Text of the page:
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Spain, European ICT hub thanks to data processing

A privileged geographical location, excellent telecommunications infrastructure and leadership in renewable energy, all make our country a strategic enclave for the installation of data centers in the coming years.

Spain faces the possibility of becoming a new hub for international commercial networks, as it was centuries ago with the Silk Road. In today’s technification environment, this would be thanks to the most consumed product circulating around the planet: data. In a globalized and digitized economy, where IT equipment and networks, such as 5G, enable the trusting of all storage capacity to “clouds,” one of the main challenges of big tech companies is the development of data containers for the billions of users using such “clouds.” And in that logistical foundation of the economy 2.0, which is composed of data centers, or more correctly, data processing centers, our country has a lot to offer.

A data processing center is where the “cloud” condenses into bricks and mortar. A physical space that houses numerous pieces of computer equipment—such as servers, storage systems, power supplies, networks, and communications—to deliver digital services to enterprises themselves or third parties. They are usually large buildings, compartmentalized into rooms and with sophisticated cooling and security systems, both digital and physical. We are therefore talking about true strengths in securing data flows on a global scale. And depending on their use, they can be of various different types:

      • Hyperscale: To service public clouds (Google, Microsoft, AWS, etc.).
      • Co-location: They allow different companies, multinationals or groups to store their data in one place, no matter where they physically operate.
      • Hosting: The hosting of third-party web and applications.
      • Interconnection: Facilitates communications between organizations.
      • Internal use: Technological giants like Meta (Facebook, WhatsApp…) or Amazon use them to service their own business activity and users around the world.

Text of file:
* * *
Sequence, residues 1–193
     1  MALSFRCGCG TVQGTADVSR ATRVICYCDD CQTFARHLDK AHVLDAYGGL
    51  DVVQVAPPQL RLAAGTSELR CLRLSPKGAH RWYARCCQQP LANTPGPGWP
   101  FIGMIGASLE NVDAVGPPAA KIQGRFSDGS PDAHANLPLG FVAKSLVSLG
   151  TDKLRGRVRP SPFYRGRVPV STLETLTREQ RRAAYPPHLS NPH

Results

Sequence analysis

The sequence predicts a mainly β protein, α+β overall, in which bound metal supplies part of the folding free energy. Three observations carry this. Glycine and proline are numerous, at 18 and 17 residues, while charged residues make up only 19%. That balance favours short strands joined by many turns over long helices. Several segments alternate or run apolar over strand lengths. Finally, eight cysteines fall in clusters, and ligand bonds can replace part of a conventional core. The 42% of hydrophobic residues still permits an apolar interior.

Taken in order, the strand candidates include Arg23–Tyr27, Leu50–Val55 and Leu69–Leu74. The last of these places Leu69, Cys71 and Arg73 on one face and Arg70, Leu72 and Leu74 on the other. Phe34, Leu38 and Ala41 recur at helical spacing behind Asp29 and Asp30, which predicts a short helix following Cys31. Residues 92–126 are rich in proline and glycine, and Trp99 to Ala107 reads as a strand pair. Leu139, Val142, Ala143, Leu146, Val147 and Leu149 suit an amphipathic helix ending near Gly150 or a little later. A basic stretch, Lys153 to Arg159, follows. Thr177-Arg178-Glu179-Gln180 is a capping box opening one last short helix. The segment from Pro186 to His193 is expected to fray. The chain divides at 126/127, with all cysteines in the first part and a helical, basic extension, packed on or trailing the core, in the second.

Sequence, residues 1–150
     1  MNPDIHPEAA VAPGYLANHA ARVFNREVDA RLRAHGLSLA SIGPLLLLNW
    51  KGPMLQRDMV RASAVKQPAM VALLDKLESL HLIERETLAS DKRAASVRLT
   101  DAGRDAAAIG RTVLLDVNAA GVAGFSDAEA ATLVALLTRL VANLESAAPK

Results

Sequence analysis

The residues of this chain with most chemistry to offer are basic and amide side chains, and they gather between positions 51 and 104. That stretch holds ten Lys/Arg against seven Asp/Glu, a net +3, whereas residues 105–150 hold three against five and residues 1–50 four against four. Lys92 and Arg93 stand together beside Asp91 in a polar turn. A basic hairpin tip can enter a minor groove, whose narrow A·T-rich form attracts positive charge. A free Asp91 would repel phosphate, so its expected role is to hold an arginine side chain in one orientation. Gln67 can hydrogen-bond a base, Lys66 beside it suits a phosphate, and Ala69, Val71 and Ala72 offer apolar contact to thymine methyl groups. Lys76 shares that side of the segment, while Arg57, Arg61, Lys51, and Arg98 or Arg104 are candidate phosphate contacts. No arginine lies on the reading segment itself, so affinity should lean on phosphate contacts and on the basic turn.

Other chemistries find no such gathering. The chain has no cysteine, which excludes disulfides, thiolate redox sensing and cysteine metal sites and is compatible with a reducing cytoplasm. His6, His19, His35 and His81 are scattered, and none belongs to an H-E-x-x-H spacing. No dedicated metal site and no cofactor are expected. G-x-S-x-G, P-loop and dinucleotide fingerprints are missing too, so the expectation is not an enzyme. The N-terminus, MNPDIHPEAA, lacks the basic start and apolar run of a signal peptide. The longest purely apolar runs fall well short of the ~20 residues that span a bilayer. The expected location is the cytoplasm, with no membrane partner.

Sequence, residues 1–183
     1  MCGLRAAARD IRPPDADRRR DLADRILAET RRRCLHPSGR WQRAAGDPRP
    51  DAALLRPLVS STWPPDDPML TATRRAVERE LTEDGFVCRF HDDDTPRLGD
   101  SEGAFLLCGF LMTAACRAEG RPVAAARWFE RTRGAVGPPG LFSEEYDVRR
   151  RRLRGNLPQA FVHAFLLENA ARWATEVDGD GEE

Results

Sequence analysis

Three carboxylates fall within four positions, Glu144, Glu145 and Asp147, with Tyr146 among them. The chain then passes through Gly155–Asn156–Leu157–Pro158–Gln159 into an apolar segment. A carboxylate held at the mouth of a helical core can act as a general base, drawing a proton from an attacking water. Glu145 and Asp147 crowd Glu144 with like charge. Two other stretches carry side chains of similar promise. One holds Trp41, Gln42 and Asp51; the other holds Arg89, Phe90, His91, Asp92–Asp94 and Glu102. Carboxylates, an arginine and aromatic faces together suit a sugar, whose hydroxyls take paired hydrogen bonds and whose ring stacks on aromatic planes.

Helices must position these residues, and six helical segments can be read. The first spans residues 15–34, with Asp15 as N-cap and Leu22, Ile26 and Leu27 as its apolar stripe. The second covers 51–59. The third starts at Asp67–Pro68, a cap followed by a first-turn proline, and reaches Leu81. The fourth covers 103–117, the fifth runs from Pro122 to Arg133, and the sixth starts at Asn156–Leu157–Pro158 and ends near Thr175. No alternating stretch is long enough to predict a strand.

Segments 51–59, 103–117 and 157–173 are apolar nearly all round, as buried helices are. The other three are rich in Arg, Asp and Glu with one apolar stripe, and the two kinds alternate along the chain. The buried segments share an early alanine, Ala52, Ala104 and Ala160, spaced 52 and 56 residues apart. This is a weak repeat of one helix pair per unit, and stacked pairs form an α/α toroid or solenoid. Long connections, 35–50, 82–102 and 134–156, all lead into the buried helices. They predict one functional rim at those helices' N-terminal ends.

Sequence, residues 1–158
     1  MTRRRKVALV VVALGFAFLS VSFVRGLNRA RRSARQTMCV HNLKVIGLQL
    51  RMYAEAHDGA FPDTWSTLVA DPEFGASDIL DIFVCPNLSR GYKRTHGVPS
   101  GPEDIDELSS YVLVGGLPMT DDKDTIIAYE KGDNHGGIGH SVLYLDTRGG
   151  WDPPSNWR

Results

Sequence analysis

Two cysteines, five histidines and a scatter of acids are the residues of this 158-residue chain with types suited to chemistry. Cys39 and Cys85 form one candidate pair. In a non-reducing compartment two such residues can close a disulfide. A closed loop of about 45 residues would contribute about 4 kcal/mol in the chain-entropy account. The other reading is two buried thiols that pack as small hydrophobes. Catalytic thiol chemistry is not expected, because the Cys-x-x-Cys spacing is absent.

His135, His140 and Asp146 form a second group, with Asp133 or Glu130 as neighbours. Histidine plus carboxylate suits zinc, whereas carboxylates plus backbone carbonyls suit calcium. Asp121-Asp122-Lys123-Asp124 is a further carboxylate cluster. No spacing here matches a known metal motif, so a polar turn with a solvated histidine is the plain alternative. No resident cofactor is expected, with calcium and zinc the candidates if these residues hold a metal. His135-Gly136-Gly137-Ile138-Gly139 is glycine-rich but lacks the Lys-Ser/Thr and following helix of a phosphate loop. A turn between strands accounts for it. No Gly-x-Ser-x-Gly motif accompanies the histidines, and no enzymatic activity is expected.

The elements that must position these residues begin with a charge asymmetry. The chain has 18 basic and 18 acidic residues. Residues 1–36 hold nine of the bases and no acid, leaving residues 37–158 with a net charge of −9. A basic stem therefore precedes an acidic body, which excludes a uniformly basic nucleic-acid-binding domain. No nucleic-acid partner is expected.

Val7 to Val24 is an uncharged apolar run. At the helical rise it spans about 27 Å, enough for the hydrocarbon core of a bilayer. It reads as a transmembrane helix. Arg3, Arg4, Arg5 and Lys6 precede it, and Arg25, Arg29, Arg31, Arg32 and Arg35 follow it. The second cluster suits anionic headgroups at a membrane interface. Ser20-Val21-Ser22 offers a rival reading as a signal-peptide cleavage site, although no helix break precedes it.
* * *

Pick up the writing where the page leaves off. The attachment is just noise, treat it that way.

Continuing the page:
A single data center can accommodate multiple uses and customers. 

Spain is one of the most and best connected countries
within Europe, with strong fiber implementation

Towards convergence with FLAP countries

There are currently four main players in data processing in Europe, the so-called FLAP countries, named after their corresponding cities with the highest processing capacity: Frankfurt, London, Amsterdam and Paris. However, 2022 has been the year in which Spain stepped up by taking the lead in southern Europe to become the region’s leading digital hub, doubling its capacity in just 12 months. According to data from the sector report by SpainDC, the association that brings together the main operators of this market in Spain, our country’s growth will be exponential in the coming years, converging in capacity with the FLAP countries until reaching figures very close to those of Paris in 2026. In that same study, a scenario is foreseen by which Madrid—taken as a reference as being Spain’s main data center hub—would increase its capacity to 621 MW by the end of 2026 and whose accumulated direct investment up to that year could be more than €6 billion. To which an indirect investment of at least another €10 billion would have to be added.